We are part of an EU Horizon 2020 funded project for the ultra-rare disese MCDS.

Our role in MCDS-Therapy

We are proud to be one of 11 international consortium members who are working to repurpose the drug carbamazepine to treat the ultra-rare bone disease, Metaphyseal chondrodysplasia schmid type (MCDS).

We are responsible for the external communications and patient engagement work at MCDS-Therapy. We maintain the official MCDS-Therapy website and run the project’s social media channels. Our team is building a community of rare bone disease patients, families, researchers and clinicians through the project’s Facebook and Twitter profiles and quarterly newsletters.

Our role is to bring the patient experience to the forefront of the consortium’s work. We meet with MCDS and skeletal dysplasia patients, share their stories on the MCDS-Therapy blog and seek their feedback through surveys and focus groups. Patient responses are highlighted and shared by us at consortium meetings. We champion the patient voice and ensure that patients remain at the heart of the MCDS-Therapy project and clinical trial.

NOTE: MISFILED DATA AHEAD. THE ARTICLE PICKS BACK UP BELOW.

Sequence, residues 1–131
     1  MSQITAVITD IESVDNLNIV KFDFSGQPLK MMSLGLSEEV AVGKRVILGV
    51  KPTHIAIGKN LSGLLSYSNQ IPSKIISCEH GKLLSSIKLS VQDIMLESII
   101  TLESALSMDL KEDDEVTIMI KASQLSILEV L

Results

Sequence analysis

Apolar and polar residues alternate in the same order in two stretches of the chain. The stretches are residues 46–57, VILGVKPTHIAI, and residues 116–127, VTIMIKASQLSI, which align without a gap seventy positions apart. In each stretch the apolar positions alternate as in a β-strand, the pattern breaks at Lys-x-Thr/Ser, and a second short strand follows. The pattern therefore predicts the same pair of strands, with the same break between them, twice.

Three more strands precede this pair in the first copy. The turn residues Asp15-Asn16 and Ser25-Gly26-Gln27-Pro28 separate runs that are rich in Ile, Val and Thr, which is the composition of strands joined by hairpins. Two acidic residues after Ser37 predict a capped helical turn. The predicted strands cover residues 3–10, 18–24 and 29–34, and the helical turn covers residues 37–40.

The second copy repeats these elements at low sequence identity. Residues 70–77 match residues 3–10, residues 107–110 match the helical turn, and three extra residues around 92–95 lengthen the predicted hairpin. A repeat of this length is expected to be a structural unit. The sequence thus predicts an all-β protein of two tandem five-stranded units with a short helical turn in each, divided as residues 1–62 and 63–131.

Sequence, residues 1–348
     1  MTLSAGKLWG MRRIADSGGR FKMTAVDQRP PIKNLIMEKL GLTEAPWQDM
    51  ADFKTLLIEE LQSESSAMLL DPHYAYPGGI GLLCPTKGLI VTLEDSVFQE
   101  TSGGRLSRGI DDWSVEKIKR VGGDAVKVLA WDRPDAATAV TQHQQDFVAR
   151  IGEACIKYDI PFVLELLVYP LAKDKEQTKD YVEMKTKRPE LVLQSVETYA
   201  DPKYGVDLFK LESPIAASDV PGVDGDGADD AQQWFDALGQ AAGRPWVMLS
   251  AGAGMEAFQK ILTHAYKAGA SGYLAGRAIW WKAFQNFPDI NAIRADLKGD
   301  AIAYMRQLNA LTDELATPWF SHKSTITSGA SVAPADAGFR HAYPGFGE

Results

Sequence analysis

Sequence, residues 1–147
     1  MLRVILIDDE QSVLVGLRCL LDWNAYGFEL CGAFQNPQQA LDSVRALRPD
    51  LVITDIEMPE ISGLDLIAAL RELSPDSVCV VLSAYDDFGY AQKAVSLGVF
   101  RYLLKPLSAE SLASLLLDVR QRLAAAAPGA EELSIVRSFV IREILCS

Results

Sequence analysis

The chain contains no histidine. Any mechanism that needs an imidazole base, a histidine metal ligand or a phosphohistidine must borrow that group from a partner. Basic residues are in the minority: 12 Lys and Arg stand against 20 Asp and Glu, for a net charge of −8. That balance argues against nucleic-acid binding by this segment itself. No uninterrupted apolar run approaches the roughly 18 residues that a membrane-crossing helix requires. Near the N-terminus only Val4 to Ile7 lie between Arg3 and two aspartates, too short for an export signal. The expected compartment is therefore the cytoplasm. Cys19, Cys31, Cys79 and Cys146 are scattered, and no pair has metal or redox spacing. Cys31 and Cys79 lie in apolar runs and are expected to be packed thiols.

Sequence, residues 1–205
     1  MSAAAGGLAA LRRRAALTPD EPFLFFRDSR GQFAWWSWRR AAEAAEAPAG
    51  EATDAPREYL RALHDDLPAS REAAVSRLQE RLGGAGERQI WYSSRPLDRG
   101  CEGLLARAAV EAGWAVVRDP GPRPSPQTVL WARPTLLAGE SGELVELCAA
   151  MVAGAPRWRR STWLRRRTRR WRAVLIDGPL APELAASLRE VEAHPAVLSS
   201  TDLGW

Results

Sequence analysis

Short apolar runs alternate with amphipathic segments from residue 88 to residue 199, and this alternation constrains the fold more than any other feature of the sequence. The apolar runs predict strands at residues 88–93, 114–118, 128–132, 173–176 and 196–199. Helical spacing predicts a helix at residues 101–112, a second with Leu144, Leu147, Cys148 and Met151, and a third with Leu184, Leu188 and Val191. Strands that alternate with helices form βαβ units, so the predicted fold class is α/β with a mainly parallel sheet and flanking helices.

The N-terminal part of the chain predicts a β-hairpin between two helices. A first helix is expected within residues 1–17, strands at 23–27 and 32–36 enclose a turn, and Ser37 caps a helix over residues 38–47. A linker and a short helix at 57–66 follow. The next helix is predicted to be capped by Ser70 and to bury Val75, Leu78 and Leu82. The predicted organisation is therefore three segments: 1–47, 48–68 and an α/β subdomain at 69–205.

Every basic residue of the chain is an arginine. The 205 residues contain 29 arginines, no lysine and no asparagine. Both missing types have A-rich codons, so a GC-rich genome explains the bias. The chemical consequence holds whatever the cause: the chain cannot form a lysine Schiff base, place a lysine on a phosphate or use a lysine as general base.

To learn more about this promising drug repurposing project, visit the official MCDS-Therapy website. Meet the other consortium members and learn the science behind MCDS now!


What is Metaphyseal chondrodysplasia schmid type (MCDS)?

MCDS is an ultra-rare bone disease that leads to:

  • Short stature
  • Disproportionately short arms and legs
  • An impaired gait
  • Bowing of the legs
  • Hip deformities

MCDS is usually detected during childhood between the ages of two and three with x-rays and genetic testing. The risk of passing down the faulty MCDS gene from parent to offspring is 50%.

MCDS patients and their families have waited over 25 years for the first therapy to be developed for their rare condition. MCDS-Therapy is working to change this by running a clinical trial as part of the project to test whether the drug carbamazepine, which was originally used to treat epilepsy and bipolar disorder, can be repurposed to treat MCDS. The consortium is working to prove that carbamazepine is not only safe to use, but also effective in reducing the pain and mobility difficulties experienced by MCDS patients.